Therefore Sphagnum Moss is often used to root cuttings. It also prevents cuttings from drying out using its water-absorbing and water holding abilities. What needs to be done is to put the moss in water and soak it. Afterwards, you squish it multiple times in your palm until the Sphagnum Moss is just slightly wet but not soaking wet anymore. Depending on the environment the moss stays humid but not wet for several days.
Advantages: Retains water well, Anti-bacterial, anit-fungal properties, pH neutral
Clay Pebbles or also called Leca are brown coloured ceramic balls that can absorb water and hold nutrients and slowly release both to the plant’s roots. They are simply baked clay pellets and are often used as a medium in semi hydroponics as a sole growing medium instead of soil. They are sterile and lightweight and improve airflow to roots. An additional advantage is that they do not decompose. Clay balls or pebbles further improve aeration and drainage. They hold humidity well and slowly release it and therefore add to extra humidity that is beneficial to a lot of tropical plants. Their chunkyness creates air pockets in soil. That’s also why they are a great addition to general potting soil similar to Orchid bark that would also break up the structure of the soil and would prevent soil from being too compact. Compact soil prevents roots from having access to oxygen. A lack of access to oxygen may lead quickly to root rot.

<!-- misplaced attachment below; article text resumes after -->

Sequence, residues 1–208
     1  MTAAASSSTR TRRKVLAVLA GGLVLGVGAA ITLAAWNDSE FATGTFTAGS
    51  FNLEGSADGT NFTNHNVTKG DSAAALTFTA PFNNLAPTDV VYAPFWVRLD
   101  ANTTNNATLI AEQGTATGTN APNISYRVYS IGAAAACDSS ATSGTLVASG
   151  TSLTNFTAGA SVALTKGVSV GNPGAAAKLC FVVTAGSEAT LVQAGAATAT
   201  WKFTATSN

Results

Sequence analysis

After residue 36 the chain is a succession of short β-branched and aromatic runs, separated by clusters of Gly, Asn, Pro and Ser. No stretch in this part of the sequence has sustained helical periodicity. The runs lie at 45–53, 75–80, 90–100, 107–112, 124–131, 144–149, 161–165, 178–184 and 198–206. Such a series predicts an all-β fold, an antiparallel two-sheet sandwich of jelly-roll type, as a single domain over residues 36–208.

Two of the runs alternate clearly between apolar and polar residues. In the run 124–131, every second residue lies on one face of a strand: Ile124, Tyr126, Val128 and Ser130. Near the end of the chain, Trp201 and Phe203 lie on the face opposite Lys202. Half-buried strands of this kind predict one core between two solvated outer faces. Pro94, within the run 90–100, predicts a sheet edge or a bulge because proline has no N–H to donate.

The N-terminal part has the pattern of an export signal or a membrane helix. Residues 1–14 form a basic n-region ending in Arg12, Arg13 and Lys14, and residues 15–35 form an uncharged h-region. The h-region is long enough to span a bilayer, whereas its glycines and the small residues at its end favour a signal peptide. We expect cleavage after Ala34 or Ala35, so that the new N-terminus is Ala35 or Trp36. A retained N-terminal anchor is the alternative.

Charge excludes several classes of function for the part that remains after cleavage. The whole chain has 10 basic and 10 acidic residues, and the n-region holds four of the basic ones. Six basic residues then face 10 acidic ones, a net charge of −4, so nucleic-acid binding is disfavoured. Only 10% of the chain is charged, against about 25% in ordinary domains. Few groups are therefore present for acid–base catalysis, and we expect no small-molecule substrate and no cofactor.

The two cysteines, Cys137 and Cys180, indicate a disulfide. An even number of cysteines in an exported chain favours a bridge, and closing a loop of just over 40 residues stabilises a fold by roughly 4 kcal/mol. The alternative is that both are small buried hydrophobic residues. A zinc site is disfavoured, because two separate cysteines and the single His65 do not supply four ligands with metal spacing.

Advantages: Hold water and nutrients, are sterile and lightweight, improve aeration and drainage
The Potting Soil Mixture Video
Watch our video of how we use a potting soil mixture consisting of Perlite, Coco Coir, Pumice, Spaghnum Moss and Clay Pebbles to create an ideal Houseplant Potting Soil Mixture that is well-draining, airy and retains water at the same time.
Daniel has been a plant enthusiast for over 20 years. He owns hundreds of houseplants and prepares for the chili growing seasons yearly with great anticipation. His favorite plants are plant species in the Araceae family, such as Monstera, Philodendron, and Anthurium. He also loves gardening and is growing hot peppers, tomatoes, and many more vegetables.